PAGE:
"Celebrating Mother Earth" is an old-fashioned title for a program very much focused on the present.
|Reinaldo Moya, commissioned composer|
Saturday night's concert at Butler University's Schrott Center opened with a commissioned work, "Dark Earth: Anthropogenic Amazon," by Reinaldo Moya, a 36-year-old native of Venezuela, US-trained as a composer and now living in Minnesota. It's a shame the composer's program notes were not in the printed program; nor was there any talk about the work from the stage. You can read about the piece's significance and the procedure Moya followed in creating the piece with a video artist, Mike Halerz, here.
Moya's music cleverly mixes human cultural expression through Brazilian music against the challenge nature faces as the Amazon rain forest diminishes with overdevelopment. It takes the form of ranching that involves removing great swaths of the Amazon for the sake of pasture. The huge natural phenomenon of what nature has provided there has led to its being called "the world's lungs." The balance against decline in the global atmosphere is maintained by the Amazon rain forest, and its shrinkage is much more than a Brazilian problem.
Moya drew upon three styles of Brazilian music to stand for the expansive human culture that challenges the purity of the rain forest. The music was accompanied by a coordinated riot of abstract and occasionally "magic-realist" imagery, projected on a screen above the orchestra as Matthew Kraemer conducted the piece. Incompatible elements in the music are boldly juxtaposed as a deliberate way of addressing the crisis of anthropogenic change and what humanity inherited as essential to life. Hearing the work was an adventure into all of our future through a part of the present that is easy to overlook.
A more pristine part of the natural world is saluted in "Canticus Arcticus" (Concerto for Birds and Orchestra), by the late Einojuhani Rautavaara. The orchestra's role in the three-movement work seems to take cues from the bird calls recorded near the Arctic Circle town of Liminka, Finland. The most conventional imitation of songbirds is the flute, so it's natural that a flute duet gets things started in "Canticus Arcticus." The partnership is further exploited in the second movement, titled "Melancholy," and the real opening of Rautavaara's vision comes in the finale, based on swan migration. In the collective majesty of massive bird movement, it's not surprising that a tumult eventually emerges in the music. It was well represented in Saturday's performance: it was a man-nature confrontation thoroughly in the mood of celebration, and took the listener to a corner of the settled world that still seems dominated by nonhuman presence.
For all its familiarity, "The Four Seasons" tends to bring out personal characteristics of the violin soloist. Richard Lin, gold medalist in the 2018 International Violin Competition of Indianapolis, came back to town for an incandescent performance of Vivaldi's concerto set.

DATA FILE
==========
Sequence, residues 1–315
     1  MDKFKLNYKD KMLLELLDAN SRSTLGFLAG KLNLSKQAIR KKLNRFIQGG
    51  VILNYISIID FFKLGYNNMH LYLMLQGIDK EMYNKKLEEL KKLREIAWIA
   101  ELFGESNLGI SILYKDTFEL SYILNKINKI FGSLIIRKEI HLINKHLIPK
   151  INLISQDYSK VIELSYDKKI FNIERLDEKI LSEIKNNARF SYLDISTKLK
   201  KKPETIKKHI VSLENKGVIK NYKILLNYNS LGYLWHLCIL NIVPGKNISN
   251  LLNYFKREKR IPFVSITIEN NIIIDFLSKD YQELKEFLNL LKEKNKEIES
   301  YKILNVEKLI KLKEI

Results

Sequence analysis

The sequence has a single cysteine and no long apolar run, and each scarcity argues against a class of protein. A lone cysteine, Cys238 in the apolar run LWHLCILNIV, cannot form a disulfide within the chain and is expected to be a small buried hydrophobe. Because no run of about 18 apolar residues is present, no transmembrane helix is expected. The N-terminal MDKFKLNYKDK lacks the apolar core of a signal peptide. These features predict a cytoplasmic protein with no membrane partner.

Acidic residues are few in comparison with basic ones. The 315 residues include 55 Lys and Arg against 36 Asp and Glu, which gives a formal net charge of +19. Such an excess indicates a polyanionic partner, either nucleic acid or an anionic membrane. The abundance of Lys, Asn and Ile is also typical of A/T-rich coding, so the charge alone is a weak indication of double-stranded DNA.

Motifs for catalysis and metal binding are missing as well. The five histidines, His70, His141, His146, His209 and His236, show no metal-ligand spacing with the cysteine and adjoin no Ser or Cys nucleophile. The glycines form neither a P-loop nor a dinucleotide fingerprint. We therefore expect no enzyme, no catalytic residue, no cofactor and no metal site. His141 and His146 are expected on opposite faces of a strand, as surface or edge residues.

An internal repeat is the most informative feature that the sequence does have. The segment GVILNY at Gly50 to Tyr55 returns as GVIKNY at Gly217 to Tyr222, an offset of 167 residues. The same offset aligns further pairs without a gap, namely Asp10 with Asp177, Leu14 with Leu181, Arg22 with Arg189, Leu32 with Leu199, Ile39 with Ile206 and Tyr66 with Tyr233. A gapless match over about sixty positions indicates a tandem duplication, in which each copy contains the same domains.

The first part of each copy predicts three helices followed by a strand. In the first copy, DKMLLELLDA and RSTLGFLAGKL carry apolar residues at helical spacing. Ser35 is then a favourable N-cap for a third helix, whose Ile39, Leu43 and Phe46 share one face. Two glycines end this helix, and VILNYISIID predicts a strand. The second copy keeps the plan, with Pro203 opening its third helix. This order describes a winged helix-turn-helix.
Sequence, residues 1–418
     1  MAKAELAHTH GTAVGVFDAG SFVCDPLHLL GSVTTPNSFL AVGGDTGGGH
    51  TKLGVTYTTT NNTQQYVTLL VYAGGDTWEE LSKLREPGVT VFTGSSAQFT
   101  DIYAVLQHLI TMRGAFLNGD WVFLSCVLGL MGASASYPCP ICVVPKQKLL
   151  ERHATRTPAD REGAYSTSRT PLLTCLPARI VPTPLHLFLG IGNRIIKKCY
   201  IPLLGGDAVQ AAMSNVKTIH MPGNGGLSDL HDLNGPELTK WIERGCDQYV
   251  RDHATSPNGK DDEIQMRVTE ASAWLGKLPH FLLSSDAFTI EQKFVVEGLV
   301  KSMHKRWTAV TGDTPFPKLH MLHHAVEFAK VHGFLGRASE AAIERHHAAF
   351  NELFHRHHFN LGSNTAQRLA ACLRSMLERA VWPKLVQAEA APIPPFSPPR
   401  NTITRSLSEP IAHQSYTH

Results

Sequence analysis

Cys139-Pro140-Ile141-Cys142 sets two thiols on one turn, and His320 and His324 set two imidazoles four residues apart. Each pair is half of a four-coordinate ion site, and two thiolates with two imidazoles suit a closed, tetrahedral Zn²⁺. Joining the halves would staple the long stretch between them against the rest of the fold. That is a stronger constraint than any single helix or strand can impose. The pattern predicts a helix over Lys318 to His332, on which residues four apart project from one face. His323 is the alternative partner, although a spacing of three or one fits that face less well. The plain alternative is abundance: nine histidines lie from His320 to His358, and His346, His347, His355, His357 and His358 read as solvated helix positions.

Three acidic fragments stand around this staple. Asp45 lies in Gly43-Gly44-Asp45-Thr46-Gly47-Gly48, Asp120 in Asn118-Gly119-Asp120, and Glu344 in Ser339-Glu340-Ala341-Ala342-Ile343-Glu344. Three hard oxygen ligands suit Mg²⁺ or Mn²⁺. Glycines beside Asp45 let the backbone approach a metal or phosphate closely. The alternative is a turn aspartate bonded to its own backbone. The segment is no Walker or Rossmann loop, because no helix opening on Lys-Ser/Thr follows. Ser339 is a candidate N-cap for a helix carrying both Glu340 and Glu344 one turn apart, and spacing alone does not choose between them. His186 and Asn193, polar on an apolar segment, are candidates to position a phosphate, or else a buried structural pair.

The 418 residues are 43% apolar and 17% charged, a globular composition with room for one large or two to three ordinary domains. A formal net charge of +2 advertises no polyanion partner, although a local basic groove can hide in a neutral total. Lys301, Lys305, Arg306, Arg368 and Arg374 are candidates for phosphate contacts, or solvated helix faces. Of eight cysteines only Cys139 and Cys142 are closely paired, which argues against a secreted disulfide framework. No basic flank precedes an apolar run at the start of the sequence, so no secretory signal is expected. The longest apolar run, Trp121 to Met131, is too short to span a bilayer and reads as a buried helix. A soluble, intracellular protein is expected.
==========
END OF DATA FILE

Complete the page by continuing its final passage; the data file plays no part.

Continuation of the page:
|Richard Lin showed his gold-medalist status. |
In relation to the concert's theme, it's clear that this is a view of Mother Earth that's generally accommodating. Cold temperatures cause shivers, it's true, and the rising mercury enervates. The fall harvest encourages dancing and a tendency to tipsiness; winter brings chances to lose your footing on the ice, no matter how gingerly you step. All this is colorfully, sometimes comically, depicted in Vivaldi's magnum opus.
Most notably, there is the summer thunderstorm. It was rendered with torrential impact in Saturday's performance, tempting me to start the applause, as the "Summer" concerto had thus concluded. I think applause should have been actively encouraged at the end of each "Four Seasons" concerto, and I'm not among the advocates of applause between movements. But the four concertos each have integrity as units, and some acknowledgment seemed warranted three times before the final ovation. Instead, the near-capacity audience sat soberly still, as if between sections of the Mass in B minor.
The coordination between the soloist and the accompaniment, scrupulously guided and with equal enthusiasm by Kraemer, was first-rate, with hardly an unsynchronized jiggle. This was a "Seasons" for all seasons, it seemed to me. It had character and variety, some of it imparted by the soloist's deft feeling for ornamentation. Much of the credit for the performance's full-bodiedness must go the harpsichordist, Thomas Gerber, unacknowledged in the program book but at the end given a solo bow at Lin's instigation.
The guest soloist responded to the ovation with "Polish Capriccio," a solo-violin piece previously unknown to me by the Polish composer Grazyna Bacewicz (1909-1969). Its fitfully lyrical, sometimes ferocious progress made it an unconventional but somehow fitting follow-up to Vivaldi's year-spanning concerto set.